And boy, does he ever persist in being weird: with the blond hair, the simpering line deliveries, and the obsessive, sexually charged pursuit of M, Silva is definitely an unusual character, though I am not convinced that he's unusual in a good way; at times he feels rather too silly and over-the-top for the urgently serious tone of the rest of the movie. Also, he has disappointingly limited motivations for the big bad in any epic-sized action film, let alone a James Bond picture, meant to be the most epic of the epic. Still, when he's scary, he's damn scary.
Rating: 3 Evil Cats
Another big spoiler, but one that's easy to predict: the reason we never learn Eve's name until the very last scene is that her name is, in fact, Eve Moneypenny, and she's so tired out by all this spying that she elects to take a nice, simple job as the new M's secretary. I cannot overstate how damned obvious it is that her entire purpose in the movie is for that last scene: she's not much of a Bond Girl, sort of wandering in and back out of the plot at random, and maybe having sex with Bond but also maybe not, and serving no function in the back half of the movie whatsoever: I wasn't joking even slightly when I claimed that M is, structurally, the Bond Girl here.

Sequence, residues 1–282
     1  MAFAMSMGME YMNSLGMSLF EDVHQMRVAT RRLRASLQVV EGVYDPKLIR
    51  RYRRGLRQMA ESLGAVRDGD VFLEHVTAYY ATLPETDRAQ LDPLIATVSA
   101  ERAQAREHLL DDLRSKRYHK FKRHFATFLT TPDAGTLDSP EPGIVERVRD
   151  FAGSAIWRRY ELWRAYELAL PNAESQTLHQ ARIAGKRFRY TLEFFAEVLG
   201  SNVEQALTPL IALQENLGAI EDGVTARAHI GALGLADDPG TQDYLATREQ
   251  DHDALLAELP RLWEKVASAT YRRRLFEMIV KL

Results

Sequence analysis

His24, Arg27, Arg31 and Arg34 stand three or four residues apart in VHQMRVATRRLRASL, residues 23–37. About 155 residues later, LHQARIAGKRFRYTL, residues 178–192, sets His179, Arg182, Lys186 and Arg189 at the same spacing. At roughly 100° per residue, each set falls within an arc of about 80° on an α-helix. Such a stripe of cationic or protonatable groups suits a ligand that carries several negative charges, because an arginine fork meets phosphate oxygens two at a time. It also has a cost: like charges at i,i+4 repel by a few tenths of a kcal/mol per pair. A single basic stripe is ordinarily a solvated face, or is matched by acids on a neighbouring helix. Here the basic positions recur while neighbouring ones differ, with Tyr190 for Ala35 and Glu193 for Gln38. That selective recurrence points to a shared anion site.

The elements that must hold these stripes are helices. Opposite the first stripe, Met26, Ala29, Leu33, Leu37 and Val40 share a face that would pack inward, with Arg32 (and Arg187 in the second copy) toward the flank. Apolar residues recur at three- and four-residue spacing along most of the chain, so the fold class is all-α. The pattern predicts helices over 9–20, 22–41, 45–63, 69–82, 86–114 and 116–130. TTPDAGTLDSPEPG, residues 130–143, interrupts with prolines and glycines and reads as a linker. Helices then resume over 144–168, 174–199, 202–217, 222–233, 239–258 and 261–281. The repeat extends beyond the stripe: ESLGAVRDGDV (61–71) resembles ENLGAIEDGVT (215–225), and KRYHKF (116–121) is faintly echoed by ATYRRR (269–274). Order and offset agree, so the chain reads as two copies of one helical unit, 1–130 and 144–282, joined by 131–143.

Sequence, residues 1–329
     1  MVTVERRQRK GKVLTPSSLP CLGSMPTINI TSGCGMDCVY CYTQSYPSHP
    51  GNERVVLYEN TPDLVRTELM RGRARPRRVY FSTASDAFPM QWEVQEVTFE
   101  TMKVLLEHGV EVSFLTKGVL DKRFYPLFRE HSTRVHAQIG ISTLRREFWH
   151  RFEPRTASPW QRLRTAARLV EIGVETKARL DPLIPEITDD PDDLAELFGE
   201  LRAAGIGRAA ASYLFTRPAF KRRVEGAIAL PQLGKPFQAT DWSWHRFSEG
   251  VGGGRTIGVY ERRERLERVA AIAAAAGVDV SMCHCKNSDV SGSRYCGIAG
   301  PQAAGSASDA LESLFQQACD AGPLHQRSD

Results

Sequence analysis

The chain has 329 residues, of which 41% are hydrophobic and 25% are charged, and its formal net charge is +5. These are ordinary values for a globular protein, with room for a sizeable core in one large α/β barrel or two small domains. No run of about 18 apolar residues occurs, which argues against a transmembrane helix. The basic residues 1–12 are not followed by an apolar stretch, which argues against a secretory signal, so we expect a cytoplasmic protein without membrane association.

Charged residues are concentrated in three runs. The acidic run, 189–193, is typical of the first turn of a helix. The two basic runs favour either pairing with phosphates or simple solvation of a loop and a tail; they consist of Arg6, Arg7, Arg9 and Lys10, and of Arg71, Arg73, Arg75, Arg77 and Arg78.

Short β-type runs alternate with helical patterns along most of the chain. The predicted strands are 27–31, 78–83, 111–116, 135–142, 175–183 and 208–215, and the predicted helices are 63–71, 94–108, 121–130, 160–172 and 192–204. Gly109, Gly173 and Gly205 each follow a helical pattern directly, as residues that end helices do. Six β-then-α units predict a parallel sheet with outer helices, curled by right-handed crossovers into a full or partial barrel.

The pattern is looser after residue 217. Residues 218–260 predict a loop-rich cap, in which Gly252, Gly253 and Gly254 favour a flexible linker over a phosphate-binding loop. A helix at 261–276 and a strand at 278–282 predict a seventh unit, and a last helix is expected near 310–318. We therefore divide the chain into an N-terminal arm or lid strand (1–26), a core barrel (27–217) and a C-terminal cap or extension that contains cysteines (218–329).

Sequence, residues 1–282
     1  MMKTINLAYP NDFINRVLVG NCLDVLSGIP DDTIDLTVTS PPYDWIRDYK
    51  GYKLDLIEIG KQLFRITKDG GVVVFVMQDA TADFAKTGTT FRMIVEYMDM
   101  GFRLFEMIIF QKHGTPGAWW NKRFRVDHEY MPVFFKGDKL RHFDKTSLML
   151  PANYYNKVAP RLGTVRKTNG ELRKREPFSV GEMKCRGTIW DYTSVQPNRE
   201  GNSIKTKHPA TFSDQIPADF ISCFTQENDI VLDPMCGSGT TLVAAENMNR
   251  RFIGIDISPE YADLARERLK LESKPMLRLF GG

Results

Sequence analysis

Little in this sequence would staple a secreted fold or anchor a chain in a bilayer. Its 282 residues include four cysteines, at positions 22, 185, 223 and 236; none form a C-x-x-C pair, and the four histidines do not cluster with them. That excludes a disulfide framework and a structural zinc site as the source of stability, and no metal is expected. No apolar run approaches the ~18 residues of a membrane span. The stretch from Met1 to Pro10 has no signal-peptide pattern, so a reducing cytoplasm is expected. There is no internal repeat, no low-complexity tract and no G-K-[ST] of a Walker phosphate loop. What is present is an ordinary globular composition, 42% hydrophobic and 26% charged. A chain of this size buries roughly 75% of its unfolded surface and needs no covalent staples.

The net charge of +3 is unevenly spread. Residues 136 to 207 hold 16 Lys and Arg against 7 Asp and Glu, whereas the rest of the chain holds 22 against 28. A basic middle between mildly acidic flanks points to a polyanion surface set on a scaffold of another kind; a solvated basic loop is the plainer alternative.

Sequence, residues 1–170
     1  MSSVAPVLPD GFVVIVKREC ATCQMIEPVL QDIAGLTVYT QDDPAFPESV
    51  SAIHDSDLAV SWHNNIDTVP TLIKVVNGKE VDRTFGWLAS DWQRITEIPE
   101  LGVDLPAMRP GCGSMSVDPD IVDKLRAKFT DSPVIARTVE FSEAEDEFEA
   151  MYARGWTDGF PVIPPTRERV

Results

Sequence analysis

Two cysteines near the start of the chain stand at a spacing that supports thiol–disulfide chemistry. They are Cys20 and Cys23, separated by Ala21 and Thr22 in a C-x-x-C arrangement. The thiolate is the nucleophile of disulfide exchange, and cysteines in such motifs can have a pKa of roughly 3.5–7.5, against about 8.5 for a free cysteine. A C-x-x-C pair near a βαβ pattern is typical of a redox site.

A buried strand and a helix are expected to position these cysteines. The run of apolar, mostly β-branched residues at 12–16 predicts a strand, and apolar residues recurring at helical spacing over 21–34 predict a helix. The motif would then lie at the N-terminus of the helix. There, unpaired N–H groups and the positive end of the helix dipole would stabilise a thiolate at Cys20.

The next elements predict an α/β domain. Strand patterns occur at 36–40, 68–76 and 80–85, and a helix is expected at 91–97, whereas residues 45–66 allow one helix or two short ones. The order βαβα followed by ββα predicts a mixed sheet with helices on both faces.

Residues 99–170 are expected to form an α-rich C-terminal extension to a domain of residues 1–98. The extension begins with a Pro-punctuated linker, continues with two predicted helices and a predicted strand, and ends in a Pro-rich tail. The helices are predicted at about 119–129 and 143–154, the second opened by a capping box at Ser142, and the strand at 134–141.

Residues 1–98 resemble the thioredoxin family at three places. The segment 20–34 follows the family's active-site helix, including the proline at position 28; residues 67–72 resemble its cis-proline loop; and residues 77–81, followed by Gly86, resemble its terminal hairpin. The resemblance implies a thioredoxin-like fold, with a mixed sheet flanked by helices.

But as a character - that's a different story. Harris gives an immensely likeable performance that embodies everything good and true about Moneypenny - this is part of the reason the twist is easy to predict - with spiky, sarcastic flirtation grounded in undeniable physical attraction to Bond, but also delighted to get the upper hand on him. I will say this: Skyfall only sort of knows what to do with her, but it's exciting to see a Moneypenny this lively get something active to do in the field, and I am more excited to see more of Harris's take on the character than I am for anything else in the next Bond film to come.
Rating: 3.5 White Bikinis
I guess it's sort of Patrice? He's got a name, anyway, and a clear narrative function, and he is the subject of the two best fistfights in the whole movie, so that counts for something. But I'll tell you what, I would never, ever be able to pick him out of a lineup - couldn't even tell you what color his hair was - and I don't think he says a single line, depriving him of any personality. Of course, plenty of Bond films have had great mute henchmen, but Oddjob and Jaws are of a wholly different order than this non-entity seen mostly in wide shots.